When someone you work with has M.E., you need to understand the illness and the impact it can have on them.
The fluctuating nature of M.E. can make it difficult for someone with the illness to maintain a consistent level of working. A task that is easily manageable one day may prove impossible the next.
Even when a person’s condition appears to have stabilised, it is common for people with M.E. to experience relapses or setbacks, when their health deteriorates again for a period of time. This may happen if they have been pushing themselves too hard.
This can be difficult and frustrating for them and their colleagues. Your understanding and patience will be invaluable to them.
People with M.E. often feel under pressure to continue working at the same level as they used to when they first become ill or when their symptoms worsen.
Unfortunately trying to ‘push on’ through this illness can be counterproductive, potentially causing longer sickness absences and slowing recovery.
The best way you can support your colleague is to learn about the illness and understand that it can fluctuate, and that they may not always be able to do the same amount of work that they used to. Your colleague may not look it but often they could be too ill to write a simple email or make a phone call.
Unfortunately there are too many examples of people who have lost their jobs because employers and colleagues are ill-informed or unsupportive. Disabled people can also be a target for bullying.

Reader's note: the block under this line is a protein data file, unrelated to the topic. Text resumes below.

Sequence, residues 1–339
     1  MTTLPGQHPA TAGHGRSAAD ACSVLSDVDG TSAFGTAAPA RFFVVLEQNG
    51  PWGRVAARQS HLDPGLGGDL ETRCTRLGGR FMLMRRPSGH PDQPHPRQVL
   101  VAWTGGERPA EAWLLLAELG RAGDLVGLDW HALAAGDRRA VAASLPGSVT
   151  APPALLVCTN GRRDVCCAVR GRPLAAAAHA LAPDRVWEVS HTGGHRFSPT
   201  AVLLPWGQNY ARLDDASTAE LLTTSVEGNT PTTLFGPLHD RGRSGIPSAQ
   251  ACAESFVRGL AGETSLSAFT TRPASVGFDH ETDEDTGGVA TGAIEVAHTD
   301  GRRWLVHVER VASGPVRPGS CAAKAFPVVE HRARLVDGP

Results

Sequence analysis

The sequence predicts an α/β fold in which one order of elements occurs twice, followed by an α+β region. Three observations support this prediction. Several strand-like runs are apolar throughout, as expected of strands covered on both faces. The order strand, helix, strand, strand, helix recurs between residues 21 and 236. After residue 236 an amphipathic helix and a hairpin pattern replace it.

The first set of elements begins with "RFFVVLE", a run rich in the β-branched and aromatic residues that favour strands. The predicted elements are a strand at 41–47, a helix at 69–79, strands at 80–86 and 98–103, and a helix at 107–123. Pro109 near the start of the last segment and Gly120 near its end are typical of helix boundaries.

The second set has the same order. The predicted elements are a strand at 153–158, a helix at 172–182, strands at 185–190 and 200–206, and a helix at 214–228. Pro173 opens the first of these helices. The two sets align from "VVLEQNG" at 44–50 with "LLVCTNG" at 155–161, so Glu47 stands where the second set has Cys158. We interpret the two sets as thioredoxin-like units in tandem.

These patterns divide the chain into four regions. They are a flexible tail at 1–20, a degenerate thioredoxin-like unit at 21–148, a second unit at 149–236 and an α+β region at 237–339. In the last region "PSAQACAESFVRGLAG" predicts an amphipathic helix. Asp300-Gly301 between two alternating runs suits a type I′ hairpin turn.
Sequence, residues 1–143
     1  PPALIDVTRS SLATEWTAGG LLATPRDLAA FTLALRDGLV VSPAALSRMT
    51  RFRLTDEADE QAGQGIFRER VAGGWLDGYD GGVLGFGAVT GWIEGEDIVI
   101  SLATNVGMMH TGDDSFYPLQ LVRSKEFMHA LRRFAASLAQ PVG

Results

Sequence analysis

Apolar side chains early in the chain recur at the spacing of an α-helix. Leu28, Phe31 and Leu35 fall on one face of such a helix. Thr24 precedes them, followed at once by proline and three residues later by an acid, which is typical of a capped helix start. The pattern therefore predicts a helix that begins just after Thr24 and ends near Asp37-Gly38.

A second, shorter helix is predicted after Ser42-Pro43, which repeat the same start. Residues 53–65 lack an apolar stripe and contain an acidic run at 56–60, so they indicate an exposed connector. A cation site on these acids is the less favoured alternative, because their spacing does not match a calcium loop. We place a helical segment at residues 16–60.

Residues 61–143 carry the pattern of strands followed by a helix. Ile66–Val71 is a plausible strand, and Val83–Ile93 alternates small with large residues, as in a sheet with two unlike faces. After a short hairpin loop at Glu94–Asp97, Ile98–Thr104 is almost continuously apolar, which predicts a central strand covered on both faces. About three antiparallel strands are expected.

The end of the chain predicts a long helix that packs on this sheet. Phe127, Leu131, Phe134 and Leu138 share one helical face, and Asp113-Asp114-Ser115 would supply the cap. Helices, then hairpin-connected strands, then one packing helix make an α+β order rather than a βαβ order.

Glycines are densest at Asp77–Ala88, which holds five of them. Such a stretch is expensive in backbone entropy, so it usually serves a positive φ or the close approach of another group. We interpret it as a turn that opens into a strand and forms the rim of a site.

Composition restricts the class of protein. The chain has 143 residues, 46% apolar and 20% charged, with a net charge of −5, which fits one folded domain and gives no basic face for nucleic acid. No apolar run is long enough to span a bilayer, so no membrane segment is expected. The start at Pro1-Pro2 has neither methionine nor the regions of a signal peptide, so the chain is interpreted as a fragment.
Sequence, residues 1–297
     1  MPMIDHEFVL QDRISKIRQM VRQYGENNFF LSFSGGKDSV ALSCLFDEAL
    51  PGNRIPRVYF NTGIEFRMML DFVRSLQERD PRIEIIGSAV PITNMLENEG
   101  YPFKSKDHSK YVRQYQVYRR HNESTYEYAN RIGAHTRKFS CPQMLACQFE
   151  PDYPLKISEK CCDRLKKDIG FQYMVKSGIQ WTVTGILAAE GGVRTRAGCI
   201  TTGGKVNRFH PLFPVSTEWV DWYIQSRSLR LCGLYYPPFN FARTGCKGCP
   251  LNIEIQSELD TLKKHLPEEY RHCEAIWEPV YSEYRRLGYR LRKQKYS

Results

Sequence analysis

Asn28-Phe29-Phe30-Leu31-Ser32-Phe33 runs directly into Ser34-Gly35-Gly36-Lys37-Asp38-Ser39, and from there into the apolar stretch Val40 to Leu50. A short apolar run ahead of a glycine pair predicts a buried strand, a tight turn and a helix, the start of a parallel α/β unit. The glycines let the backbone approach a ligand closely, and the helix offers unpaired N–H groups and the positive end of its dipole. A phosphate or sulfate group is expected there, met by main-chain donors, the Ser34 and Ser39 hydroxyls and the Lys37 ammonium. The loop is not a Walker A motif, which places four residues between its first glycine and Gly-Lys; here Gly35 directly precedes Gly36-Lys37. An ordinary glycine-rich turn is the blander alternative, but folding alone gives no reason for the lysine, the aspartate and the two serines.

Thankfully, with the right support and understanding from their manager and colleagues, some people with M.E. do remain as valuable members of their team.
If your colleague is away from the office, particularly for a long time, it can help if you stay in touch so that they know you are thinking of them. M.E. can leave a person feeling isolated and alone, and that little bit of contact can make a lot of difference.
When it’s time for them to come back to work, your employer may, in accordance with the law, have made reasonable adjustments to enable them to return so they might work different hours or take rest breaks during the day.
If a member of your team is on reduced hours or sick leave with M.E. you may find that your workload has increased.
It’s only natural to feel frustrated if you have to work longer hours or take on more tasks, particularly if your colleague is away from work for an extended period.
Remember it’s not your colleague’s fault that they are ill – they would much rather be well enough to work.
Regular scheduled discussions between you and your manager about your priorities, goals, job performance and workload can help prevent you becoming overwhelmed.
It may be that your colleague has confided in you about their M.E. but they do not want other people at work to know about their illness – at all or in detail.
People have the right to insist that an illness remains confidential if they wish, so please ask about and respect their wishes. Information about a person’s M.E. should not be shared with any other person, inside or outside the organisation, without the prior, expressed consent of the person with M.E.
The Data Protection Act says employers must ensure confidential and appropriate handling of “sensitive personal data,” which includes information about a person’s health.